NEW ORLEANS (AP) — A New Orleans pediatric gastroenterologist has won a national award for his research on the dangers posed to children by tiny, powerful rare earth magnets and his work that led to a recall of desk sets of such magnets.
The American Academy of Pediatrics presented Dr. R. Adam Noel with the 2013 Outstanding Achievement Award last Sunday, during its annual meeting. He was one of two recipients.
Noel is a doctor at Children’s Hospital and an associate professor at the LSU Health Sciences Center New Orleans School of Medicine.
After treating several children who had swallowed magnets, he did a nationwide study that found a dramatic increase in such cases.
Six retailers recalled the magnet sets in April. The Consumer Product Safety Commission said they were not just a danger to small children but to teenagers who use them to mimic tongue, lip or cheek piercings. If accidentally swallowed or inhaled, the magnets can pinch internal tissue, causing infection or even death.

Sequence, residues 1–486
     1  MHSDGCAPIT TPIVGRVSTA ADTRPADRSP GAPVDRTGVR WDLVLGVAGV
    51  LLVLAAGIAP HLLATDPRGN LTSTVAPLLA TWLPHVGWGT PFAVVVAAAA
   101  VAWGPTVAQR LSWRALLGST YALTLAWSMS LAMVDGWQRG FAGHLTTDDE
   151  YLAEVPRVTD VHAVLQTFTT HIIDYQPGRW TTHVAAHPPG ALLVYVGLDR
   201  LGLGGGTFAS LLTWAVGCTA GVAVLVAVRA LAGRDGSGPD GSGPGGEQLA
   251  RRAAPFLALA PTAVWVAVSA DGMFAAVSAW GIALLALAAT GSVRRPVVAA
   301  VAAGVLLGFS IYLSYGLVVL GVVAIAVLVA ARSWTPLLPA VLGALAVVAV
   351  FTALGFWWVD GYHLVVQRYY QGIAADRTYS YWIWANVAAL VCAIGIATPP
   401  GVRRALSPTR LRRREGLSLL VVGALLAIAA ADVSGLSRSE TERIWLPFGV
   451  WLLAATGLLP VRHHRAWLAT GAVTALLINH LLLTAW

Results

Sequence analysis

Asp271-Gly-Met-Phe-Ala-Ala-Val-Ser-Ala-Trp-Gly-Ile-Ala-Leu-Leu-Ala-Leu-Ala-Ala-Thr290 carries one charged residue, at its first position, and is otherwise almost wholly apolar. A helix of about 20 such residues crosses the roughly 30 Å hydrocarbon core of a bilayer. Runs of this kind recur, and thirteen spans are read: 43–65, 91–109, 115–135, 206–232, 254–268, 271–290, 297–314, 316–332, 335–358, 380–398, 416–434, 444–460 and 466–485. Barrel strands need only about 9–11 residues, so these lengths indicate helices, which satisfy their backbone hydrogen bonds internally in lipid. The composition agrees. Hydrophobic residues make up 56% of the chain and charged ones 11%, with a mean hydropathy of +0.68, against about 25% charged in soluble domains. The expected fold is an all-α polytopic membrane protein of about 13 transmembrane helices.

Noel’s work also led to similar studies in Canada and abroad.
The CPSC filed a rare legal complaint against New York-based importer Maxfield & Oberton because it refused to participate in the recall. The company has since gone out of business but many of the products are likely still in homes and offices. They were sold as a desktop toy that can be molded into different shapes.
The CPSC said 3 million sets of the magnets have been sold since 2010.